cover image Just Another Nigger: My Life in the Black Panther Party

Just Another Nigger: My Life in the Black Panther Party

Don Cox. Heyday, $28 (256p) ISBN 978-1-59714-459-9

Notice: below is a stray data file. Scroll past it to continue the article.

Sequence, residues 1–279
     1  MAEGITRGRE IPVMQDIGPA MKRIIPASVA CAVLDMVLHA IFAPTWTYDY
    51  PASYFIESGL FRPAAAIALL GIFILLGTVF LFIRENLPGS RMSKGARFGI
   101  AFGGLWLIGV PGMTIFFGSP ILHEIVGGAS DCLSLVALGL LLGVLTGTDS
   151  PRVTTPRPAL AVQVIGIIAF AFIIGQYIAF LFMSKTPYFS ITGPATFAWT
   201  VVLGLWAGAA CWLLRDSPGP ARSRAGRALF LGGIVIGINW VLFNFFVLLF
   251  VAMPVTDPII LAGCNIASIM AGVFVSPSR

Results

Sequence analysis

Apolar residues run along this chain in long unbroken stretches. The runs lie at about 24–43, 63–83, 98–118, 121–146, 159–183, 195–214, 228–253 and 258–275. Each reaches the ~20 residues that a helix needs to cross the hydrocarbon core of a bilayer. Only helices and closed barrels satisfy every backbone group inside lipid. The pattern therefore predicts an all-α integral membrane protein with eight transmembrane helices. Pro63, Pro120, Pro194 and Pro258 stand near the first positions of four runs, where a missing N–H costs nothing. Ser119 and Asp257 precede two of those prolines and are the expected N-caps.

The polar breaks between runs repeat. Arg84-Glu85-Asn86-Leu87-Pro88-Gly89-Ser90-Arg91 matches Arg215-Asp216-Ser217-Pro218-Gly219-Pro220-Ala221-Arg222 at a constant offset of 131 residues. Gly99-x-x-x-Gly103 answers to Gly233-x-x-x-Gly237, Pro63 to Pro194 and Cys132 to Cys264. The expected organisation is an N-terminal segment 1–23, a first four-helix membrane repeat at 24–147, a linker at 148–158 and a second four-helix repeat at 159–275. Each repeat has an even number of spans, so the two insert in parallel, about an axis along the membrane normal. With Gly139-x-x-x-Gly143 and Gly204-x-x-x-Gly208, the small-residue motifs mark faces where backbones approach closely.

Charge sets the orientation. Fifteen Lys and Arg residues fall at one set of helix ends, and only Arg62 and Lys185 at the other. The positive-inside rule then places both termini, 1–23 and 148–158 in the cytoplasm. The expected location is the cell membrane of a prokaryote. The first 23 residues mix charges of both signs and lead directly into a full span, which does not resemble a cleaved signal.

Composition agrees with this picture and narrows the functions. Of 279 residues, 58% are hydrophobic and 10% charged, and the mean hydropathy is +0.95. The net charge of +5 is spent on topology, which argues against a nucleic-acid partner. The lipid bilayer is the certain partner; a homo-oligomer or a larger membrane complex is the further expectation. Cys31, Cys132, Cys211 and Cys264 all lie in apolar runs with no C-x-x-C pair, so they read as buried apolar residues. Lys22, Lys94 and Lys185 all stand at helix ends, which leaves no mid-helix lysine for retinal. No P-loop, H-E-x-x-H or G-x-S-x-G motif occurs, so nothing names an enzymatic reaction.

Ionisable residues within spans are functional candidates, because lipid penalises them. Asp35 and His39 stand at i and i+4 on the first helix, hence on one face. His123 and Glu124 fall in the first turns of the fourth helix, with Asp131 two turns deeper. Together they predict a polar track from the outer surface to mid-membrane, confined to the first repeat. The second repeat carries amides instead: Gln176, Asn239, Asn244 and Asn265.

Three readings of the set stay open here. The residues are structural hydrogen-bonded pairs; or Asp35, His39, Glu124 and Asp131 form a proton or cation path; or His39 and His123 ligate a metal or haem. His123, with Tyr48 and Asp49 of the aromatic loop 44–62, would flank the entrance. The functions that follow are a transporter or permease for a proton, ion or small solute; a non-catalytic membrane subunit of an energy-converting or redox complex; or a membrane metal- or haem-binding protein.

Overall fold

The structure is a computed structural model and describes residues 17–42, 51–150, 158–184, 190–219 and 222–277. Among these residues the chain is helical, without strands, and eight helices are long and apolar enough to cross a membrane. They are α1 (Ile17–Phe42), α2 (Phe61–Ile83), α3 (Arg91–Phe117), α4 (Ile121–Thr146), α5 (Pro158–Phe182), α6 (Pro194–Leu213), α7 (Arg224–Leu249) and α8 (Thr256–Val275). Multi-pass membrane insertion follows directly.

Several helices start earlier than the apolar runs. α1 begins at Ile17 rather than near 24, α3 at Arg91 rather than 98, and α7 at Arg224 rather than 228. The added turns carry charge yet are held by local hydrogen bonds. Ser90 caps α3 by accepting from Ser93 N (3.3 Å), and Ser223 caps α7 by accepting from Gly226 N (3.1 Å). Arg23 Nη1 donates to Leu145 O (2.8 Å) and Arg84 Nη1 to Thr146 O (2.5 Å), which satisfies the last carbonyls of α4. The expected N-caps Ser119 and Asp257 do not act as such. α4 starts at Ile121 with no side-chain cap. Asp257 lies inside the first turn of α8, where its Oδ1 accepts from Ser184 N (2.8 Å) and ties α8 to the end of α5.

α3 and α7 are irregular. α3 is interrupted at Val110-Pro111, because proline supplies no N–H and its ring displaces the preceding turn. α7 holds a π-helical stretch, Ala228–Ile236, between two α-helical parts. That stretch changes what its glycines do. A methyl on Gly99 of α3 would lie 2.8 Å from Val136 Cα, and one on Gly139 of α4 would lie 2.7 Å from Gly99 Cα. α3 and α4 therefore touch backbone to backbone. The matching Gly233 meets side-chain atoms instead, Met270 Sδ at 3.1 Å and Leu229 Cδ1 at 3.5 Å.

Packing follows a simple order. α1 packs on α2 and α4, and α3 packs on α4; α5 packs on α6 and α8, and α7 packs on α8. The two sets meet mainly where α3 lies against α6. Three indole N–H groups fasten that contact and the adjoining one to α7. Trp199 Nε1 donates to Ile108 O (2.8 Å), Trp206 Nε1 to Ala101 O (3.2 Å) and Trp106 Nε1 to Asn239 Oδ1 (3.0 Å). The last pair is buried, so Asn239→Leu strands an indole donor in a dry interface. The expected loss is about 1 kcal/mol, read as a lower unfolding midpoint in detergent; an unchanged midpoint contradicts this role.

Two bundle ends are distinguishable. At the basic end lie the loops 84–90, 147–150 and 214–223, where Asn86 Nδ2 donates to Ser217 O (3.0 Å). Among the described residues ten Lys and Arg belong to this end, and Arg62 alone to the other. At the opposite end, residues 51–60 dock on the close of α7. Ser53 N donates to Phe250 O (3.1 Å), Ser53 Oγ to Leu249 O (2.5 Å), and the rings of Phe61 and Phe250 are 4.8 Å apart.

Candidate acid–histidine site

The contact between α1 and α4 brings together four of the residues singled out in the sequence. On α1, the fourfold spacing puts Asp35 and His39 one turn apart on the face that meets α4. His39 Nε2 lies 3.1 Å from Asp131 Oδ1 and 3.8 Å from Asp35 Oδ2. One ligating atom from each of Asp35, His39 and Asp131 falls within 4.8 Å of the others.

This memoir from Cox (1936–2011), which takes its title from W.E.B. Du Bois, is an unsentimental account of his evolution from a part-time photographer with a minor criminal record to field marshal for the Black Panthers in San Francisco in 1967, working with Bobby Seale, Eldridge Cleaver, David Hilliard, and Huey Newton. “I heard of blacks talk of revolution, killing our oppressors, going back to Africa, the whole works,” Cox writes. “I was drunk with this new world I had not even known existed.” He recounts arranging the famous gathering of the Panthers with conductor Leonard Bernstein and other cultural luminaries in New York City to raise funds for 21 New York Panthers who were behind bars (immortalized in Tom Wolfe’s “Radical Chic” article for New York magazine). Cox­—who fled to Algeria in 1970 to avoid jail time in the States, left the party the next year, and settled in France—evenhandedly considers the party’s legacy: he extols its armed self-defense against police brutality, advocacy for free health clinics, and breakfast programs for children, and he critiques the paranoid megalomania of Newton, Hilliard, and Cleaver; misogyny; a dogmatic devotion to Marxism-Leninism; and repressive, Stalinist leadership tactics. Written in an unapologetically plainspoken style, Cox’s book is an excellent addition to the pantheon of Panther literature. (Feb.)